“Am I going to be okay, Mom?” My daughter asked quietly as she lie on an ER gurney.
It was midnight, and we had been there for hours. She’d had bloodwork, IV meds, and IV fluids. The doctors had finally found the source of infection and were treating it.
There was never a doubt in my mind that she’d be okay. I knew that she’d be okay. What I didn’t know was this: she had no idea whether she’d be okay.
After I explained to her that “yes, you’ll be just fine, baby girl,” her words lingered as my heart splintered thinking about how scared she must’ve been.
When was the last time I wasn’t sure if *I* would be okay?
I couldn’t recall one.
It sounded terrifying.
I’ve gotten so used to answering my kids’ questions that I can do so while half asleep.
Do fish drink water, Mom? Can you tell me what’s in that edible slime recipe? What kind of flower is that? Did you have email in the olden days, Mom?
I can spit out answers to these questions in milliseconds, whether based in fact or in fiction that I make up on the fly. The Q & A routine is so ingrained in my daily life that I never really stopped to think about why my kids were asking so many questions.
I never really stopped to think about how many new things they were experiencing every single day.
I never really stopped to think about the fact that my kids, unlike adults, have very few life experiences under their belts.
Instead, each day is a blank slate for them to fill with brand-new experiences and knowledge.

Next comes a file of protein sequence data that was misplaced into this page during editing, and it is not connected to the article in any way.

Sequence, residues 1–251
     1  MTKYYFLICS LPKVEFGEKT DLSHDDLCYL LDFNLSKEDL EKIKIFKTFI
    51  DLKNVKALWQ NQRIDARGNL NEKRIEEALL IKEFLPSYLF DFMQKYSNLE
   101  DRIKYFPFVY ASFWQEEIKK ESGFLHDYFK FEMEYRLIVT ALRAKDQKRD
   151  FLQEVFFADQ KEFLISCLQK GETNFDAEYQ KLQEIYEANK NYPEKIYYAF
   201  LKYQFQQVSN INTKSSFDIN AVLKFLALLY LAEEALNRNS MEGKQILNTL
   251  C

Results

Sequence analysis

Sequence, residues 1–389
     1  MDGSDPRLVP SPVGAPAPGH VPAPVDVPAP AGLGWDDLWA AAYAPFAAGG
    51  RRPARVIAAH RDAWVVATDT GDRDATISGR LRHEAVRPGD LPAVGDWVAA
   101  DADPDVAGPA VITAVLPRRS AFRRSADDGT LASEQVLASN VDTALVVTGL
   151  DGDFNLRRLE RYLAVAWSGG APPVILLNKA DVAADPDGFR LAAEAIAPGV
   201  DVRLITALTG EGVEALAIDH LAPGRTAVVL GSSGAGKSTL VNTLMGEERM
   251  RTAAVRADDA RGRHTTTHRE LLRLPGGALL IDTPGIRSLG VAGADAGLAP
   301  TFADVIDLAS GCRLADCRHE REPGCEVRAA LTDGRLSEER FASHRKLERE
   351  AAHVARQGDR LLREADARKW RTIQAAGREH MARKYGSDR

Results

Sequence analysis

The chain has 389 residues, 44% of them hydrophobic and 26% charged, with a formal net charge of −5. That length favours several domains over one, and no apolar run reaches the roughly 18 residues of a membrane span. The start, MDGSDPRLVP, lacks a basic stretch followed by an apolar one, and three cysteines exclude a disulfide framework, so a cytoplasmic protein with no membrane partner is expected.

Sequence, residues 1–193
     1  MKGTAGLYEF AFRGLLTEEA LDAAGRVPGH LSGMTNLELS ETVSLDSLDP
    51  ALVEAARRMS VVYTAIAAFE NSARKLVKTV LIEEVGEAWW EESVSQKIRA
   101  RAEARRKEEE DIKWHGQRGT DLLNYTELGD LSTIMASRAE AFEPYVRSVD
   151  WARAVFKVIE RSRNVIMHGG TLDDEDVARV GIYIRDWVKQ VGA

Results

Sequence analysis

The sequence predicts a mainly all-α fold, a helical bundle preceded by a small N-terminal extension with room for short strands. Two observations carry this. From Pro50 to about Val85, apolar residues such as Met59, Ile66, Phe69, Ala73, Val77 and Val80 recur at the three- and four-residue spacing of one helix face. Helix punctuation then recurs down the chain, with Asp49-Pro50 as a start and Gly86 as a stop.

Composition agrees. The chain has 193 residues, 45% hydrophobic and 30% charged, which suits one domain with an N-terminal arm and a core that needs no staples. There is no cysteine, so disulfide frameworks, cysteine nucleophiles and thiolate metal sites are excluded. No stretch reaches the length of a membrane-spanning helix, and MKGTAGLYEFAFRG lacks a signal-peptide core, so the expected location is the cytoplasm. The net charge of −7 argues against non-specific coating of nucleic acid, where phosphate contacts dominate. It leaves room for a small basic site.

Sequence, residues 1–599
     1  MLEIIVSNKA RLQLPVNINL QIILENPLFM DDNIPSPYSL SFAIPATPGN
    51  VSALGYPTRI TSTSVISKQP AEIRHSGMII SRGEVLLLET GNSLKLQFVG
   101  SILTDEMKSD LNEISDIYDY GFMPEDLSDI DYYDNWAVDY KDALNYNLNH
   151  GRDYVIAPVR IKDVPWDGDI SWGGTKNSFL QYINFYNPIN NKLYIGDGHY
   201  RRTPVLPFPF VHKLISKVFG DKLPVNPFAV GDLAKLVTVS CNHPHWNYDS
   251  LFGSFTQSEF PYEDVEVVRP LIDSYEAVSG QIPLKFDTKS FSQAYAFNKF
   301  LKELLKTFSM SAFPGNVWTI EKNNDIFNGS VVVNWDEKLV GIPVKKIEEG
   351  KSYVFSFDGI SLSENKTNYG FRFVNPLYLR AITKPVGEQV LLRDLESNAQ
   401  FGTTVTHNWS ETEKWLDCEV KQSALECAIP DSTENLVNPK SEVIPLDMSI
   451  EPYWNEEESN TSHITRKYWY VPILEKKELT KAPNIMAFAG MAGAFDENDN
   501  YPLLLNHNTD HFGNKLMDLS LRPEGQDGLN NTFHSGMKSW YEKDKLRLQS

But, since that night in the ER, I’ve tried to imagine what it would be like to be a kid again and to learn new things—huge chunks of truth and information—every day. It seems . . . overwhelming, exhilarating, and somewhat scary.
As a result, I’m trying to be more patient with my kids when they ask me questions.
Admittedly, that is a challenge when day-to-day life is so hectic; there’s always a toddler to console, dishes to do, and meals to fix. I don’t always have the time or patience needed to thoughtfully answer the questions at hand. Just yesterday, I was explaining to my daughter, in an exasperated tone, that her new puppy was just nipping at her in a playful way. She looked disappointed as she explained that “I didn’t know, Mom. I’ve never had a dog before.” She was right. She had not, and I was expecting her to know more than she did.
I know my daughter will be okay, and she knows it, too. And thanks to her question in the ER that night, I’ve become more conscious about the fact that she and her sisters are experiencing so many firsts every day, too. While I can’t create more hours in the day for answering questions, I can try to be a little more empathetic when they ask the 387th question of the day.
I can remember that they’re always learning. And as it turns out, I am, too.